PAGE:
Last night, Jimmy Fallon took over the host chair on The Tonight Show. Judging from the early reviews — “brilliant” and “smashing success” were being thrown around — score one for the good guys.
Is a man that GQ called “joyful, easy, breezy” simply a talented entertainer getting the chance to slow-jam the news on a big stage? Or is he a network bet that America is ready for some nice?
Fallon’s affable goofiness — topical humor that pokes rather than cuts — seems to play well in a culture where nice can be risky.
The word for nice among psychologists is “agreeableness.” It’s measured by happy disposition, warmth, consideration for others, and finding comfort in harmony.
In some quarters, that makes you a wimp. President Obama is, by all accounts, a nice guy who likes people and consensus. Early on, he was branded by a Chicago columnist as “Obambi.” That was picked up and brought out often by Maureen Dowd, who is to public figures what Joan Rivers is to Oscar gowns. The problem, she writes, is his “feminine” management style.
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Research indicates there is a financial cost for being nice. Timothy Judge of Notre Dame and a team published a paper in the Journal of Personality and Social Psychology called "Do Nice Guys — And Gals — Really Finish Last?" At least as far as salary is concerned, the answer to the title’s question points to yes. Keeping in mind that psychologists say nice means “agreeable,” the research found that “moderately disagreeable” men earn an average of 18 percent more a year than their friendlier peers. (“Moderately disagreeable” is an important distinction because plain disagreeable veers off into personality disorders.)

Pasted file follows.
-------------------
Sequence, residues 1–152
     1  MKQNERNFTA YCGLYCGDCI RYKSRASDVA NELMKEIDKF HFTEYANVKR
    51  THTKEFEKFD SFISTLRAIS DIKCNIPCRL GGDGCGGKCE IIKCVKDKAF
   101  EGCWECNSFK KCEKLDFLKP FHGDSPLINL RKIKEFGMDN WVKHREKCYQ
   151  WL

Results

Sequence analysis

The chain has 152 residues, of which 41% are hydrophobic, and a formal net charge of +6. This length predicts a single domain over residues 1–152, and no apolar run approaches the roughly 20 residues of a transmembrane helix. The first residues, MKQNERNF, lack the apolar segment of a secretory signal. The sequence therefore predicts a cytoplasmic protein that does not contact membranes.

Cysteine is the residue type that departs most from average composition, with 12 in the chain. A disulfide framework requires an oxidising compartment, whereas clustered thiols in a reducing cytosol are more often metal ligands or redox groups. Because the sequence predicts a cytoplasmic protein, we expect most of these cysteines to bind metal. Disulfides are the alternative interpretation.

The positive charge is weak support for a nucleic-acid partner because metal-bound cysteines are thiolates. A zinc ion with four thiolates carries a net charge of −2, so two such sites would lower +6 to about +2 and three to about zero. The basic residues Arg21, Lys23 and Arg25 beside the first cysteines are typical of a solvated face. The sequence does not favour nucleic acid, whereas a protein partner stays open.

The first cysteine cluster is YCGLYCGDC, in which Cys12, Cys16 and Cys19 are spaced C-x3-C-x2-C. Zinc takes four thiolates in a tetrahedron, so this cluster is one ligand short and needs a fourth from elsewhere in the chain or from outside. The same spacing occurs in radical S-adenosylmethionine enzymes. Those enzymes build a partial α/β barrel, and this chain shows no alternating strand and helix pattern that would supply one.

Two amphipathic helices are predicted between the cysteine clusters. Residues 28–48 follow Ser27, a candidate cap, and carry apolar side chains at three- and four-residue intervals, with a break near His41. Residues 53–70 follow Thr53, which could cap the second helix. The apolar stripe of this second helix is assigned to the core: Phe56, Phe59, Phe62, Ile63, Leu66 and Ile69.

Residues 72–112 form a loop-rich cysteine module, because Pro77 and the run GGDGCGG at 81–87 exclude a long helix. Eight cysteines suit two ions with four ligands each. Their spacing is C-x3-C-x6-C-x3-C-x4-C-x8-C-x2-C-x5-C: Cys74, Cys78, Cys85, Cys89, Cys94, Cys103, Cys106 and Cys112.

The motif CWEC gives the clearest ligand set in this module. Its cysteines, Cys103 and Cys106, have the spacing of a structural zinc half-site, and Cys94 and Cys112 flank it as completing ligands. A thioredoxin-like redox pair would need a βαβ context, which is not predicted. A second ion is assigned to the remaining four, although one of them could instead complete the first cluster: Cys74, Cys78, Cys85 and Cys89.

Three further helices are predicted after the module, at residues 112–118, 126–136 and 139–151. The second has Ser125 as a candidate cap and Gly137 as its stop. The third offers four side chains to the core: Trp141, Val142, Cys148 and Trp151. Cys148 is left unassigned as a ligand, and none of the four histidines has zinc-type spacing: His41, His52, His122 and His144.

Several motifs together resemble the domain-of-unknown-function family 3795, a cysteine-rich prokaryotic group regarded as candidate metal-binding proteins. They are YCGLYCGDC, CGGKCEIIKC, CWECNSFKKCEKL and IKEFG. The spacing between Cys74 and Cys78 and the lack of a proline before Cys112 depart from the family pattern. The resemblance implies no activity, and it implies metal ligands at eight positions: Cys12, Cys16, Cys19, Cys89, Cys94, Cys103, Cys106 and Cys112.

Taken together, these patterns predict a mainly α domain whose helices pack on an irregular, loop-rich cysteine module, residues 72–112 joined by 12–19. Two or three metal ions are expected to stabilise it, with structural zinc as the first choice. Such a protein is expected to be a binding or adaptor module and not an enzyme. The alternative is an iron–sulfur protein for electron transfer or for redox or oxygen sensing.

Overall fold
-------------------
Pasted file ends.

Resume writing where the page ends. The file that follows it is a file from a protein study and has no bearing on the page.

And this is definitely a gendered phenomenon. No matter how they sifted the data, researchers found agreeable men suffered a penalty that agreeable women did not. Also, while there was a clear benefit for moderately disagreeable men, who are expected to be tough, the benefit for women was minimal. Women are expected to be nice.
There is more bad news for nice guys in romance. Women’s magazine fluff ("why we like bad boys") routinely says nice guys come up short on a number of counts: they aren’t "real"; they try too hard; they don’t demand respect, and they’re predictable (boring). There is also some serious research. A New Mexico State University study led by Peter Jonason found the male sexual appeal of psychology’s “dark triad” — liar, manipulator and selfish narcissist. In other words: not nice is good for a guy’s love life.
Nice, of course, is also under relentless media attack.
One omnipresent example is reality television, where internecine nasty is the state of the genre. (Would we watch if the Real Housewives got along?) The incredibly ugly Jonathan Martin-Richie Incognito affair offered a peek into the culture of the Miami Dolphins, where we find bullying elevated to a psychological blood sport. And, of course, social media has exploded malice and animosity across the digital universe. We can say horrible things about people we’ll never meet to millions of people we’ll never know.
Unless he turns out to be a jerk in world-class disguise, Jimmy Fallon is a genuinely good guy, an antidote to snark and derision, who has worked his way to a very big stage.
For him — and in some ways for the rest of us — here’s hoping that nice sells.